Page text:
A week after reports emerged indicating that members of South Africa’s fresh produce production and marketing industry are accusing Botswana of fresh produce protectionism, the country has resolved to lift the ban which has been running since last year. Botswana closed its borders to imports of a variety of fresh produce types – according to the Ministry of Agricultural Development and Food Security – to allow Botswana time to deal with an outbreak of tomato leaf miner (TLM) which was discovered in the country. “The Ministry of Agricultural Development and Food Security wishes to inform farmers and the general public that the ban on importation of potato, tomato, pepper and eggplant (including seedlings) due to Tomato leaf miner (Tuta absoluta) has been lifted with immediate effect,” read a press release from the Ministry this week. Reports emerged in the South African media last week stating that members of South Africa’s fresh produce production and marketing industry suspected that Botswana was unfairly protecting its fresh produce farmers in contravention of the arrangements of the Southern African Development Community (SADC) free trade area. Their bone of contention was Botswana was highly likely to be using the TLM outbreak as a smokescreen to protect its fresh produce growers from competition from other countries. “It seems that as soon as Botswana’s own fresh produce becomes available for market, then it closes its borders to competition from other SADC countries. This has been going on for years. Botswana should be adhering to SADC’s free-trade arrangement,” a director of a SA fresh produce company was quoted by the media. “It does it to protect its own fresh produce farmers, but this is limiting the free trade allowed within SADC. Botswana has had Tuta absoluta [TLM] for many years. It’s not a new problem for them, so why is it being used now as an excuse to stop fresh produce imports?” the source said.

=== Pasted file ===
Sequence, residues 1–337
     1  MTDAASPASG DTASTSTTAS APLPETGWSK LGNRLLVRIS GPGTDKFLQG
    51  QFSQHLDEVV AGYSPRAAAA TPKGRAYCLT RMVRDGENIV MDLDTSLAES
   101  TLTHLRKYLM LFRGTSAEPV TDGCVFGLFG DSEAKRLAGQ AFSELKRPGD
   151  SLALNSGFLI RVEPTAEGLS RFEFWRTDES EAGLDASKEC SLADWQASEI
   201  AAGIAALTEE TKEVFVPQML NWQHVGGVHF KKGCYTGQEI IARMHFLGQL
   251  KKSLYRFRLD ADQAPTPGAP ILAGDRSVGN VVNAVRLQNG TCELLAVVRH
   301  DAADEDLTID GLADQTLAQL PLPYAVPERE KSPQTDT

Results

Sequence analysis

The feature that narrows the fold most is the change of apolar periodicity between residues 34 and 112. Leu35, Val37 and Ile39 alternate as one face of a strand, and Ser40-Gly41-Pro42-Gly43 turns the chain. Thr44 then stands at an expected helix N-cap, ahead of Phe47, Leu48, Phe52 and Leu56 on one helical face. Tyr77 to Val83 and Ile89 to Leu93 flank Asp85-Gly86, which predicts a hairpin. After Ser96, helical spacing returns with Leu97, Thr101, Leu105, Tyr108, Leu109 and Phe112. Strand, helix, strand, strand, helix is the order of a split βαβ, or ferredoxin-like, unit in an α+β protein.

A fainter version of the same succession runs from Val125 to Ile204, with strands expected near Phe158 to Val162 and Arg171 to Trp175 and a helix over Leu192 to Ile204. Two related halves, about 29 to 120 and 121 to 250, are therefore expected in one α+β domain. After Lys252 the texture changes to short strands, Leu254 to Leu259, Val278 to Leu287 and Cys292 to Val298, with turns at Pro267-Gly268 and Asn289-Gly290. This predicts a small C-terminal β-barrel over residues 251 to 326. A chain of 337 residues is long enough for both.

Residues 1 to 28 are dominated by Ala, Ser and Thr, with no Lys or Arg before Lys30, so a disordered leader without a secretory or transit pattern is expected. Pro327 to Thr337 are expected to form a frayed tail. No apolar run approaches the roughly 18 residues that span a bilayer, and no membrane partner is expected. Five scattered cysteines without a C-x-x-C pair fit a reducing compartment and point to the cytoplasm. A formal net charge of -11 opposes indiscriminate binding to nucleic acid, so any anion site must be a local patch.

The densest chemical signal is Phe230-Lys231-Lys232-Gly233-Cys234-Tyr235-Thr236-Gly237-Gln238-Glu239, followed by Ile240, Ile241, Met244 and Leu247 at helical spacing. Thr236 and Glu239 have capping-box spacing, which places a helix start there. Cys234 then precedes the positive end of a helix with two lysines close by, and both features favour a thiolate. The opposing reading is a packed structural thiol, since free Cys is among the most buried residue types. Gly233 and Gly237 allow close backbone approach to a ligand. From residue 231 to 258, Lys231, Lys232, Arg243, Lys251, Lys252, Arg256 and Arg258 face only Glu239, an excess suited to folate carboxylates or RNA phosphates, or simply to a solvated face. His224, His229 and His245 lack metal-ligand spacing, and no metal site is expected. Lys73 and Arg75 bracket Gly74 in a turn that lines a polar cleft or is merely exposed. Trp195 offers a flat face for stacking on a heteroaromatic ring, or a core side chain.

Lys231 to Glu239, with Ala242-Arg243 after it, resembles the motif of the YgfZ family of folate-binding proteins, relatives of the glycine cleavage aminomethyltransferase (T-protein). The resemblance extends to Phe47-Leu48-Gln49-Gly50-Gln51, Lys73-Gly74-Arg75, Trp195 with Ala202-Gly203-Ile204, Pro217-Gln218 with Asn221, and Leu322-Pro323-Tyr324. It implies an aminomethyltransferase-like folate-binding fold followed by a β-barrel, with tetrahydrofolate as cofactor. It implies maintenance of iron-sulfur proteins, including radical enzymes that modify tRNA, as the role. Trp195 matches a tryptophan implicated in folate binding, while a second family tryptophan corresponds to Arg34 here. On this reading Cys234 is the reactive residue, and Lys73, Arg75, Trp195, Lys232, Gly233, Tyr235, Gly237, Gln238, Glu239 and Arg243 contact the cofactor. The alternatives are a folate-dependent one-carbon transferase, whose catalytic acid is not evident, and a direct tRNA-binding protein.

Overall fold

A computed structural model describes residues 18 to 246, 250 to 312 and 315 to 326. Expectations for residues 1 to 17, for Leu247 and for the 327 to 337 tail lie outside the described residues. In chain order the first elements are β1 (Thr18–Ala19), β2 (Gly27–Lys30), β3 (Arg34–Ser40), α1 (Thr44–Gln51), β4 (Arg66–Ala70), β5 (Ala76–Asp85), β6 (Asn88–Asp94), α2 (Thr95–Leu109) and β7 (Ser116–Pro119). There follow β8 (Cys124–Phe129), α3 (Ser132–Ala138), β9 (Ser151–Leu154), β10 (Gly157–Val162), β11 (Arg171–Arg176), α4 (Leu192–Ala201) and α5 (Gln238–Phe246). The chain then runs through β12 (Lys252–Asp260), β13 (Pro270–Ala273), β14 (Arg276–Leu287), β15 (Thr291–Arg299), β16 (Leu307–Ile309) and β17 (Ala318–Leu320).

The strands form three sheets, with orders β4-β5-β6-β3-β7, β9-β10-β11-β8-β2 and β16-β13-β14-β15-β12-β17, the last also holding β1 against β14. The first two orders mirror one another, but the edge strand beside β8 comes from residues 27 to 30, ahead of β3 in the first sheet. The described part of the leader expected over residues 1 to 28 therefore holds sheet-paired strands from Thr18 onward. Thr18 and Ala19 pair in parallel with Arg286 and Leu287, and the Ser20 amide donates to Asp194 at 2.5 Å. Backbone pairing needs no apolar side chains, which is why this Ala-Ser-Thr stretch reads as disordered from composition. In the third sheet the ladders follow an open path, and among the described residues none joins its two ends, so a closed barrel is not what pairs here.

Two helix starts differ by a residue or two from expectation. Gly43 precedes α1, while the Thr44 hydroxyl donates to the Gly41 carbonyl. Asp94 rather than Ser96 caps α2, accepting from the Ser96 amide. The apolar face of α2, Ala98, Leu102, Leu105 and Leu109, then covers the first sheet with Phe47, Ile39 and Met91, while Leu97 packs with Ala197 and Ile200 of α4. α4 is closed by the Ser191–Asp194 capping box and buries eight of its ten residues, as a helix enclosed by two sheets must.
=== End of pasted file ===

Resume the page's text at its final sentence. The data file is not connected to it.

Another director of a SA fresh produce marketing company was quoted expressing similar views. An official from the Ministry of Agriculture Development and Food Security has however refuted allegations made by the South African farmers. According to the official, contrary to claims that Botswana has had other TLM outbreaks before, this was the first recorded outbreak in a long time. The official dismissed as baseless reports that Botswana had intentionally imposed the ban to protect local fresh produce from competition posed by the South African market, saying the ban did not only apply to South Africa but to all fresh produce imports. “Why then would the ban also apply to propagating materials (seedlings) if the motive was to protect the local fresh produce,” the official remarked. According to the official, the ban has been lifted following a scientific justification after realising that the pest is not confined to just one area but had spread countrywide which has now moved it from being a plant quarantine pest to being a regulated non-quarantine pest. As a measure of redress and a way of guarding against further spread of the pest local farmers are advised to have their farms inspected by agricultural agents prior to importation of seedlings. The Ministry also advises farmers to Import seedlings only from pest free areas, follow proper phytosanitary protocols when importing seedlings and fresh produce, ensure field sanitation through collection and destruction of infested fruits and plants, bury infested fruits and plants no less than one metre deep, practice crop rotation with non-host crops, cultivate the field to expose the pupae, mass trap adult moths in and outside farms using water baited lures and pheromone traps and use insecticides recommended by the Ministry. It is also important to note that though the ban has been lifted, only fresh produce sourced from export markets will be allowed into the country.